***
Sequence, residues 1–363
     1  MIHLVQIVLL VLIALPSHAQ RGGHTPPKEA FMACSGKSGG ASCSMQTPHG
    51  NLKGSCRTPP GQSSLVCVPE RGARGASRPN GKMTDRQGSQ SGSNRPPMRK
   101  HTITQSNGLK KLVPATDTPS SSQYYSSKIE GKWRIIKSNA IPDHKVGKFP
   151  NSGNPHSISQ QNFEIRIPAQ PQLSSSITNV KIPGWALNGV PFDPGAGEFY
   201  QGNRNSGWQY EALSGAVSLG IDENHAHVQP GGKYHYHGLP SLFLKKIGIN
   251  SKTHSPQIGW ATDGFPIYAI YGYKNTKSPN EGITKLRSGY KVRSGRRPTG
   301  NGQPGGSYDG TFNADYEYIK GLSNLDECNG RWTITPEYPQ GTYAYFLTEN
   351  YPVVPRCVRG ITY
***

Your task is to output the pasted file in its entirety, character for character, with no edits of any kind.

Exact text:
Sequence, residues 1–363
     1  MIHLVQIVLL VLIALPSHAQ RGGHTPPKEA FMACSGKSGG ASCSMQTPHG
    51  NLKGSCRTPP GQSSLVCVPE RGARGASRPN GKMTDRQGSQ SGSNRPPMRK
   101  HTITQSNGLK KLVPATDTPS SSQYYSSKIE GKWRIIKSNA IPDHKVGKFP
   151  NSGNPHSISQ QNFEIRIPAQ PQLSSSITNV KIPGWALNGV PFDPGAGEFY
   201  QGNRNSGWQY EALSGAVSLG IDENHAHVQP GGKYHYHGLP SLFLKKIGIN
   251  SKTHSPQIGW ATDGFPIYAI YGYKNTKSPN EGITKLRSGY KVRSGRRPTG
   301  NGQPGGSYDG TFNADYEYIK GLSNLDECNG RWTITPEYPQ GTYAYFLTEN
   351  YPVVPRCVRG ITY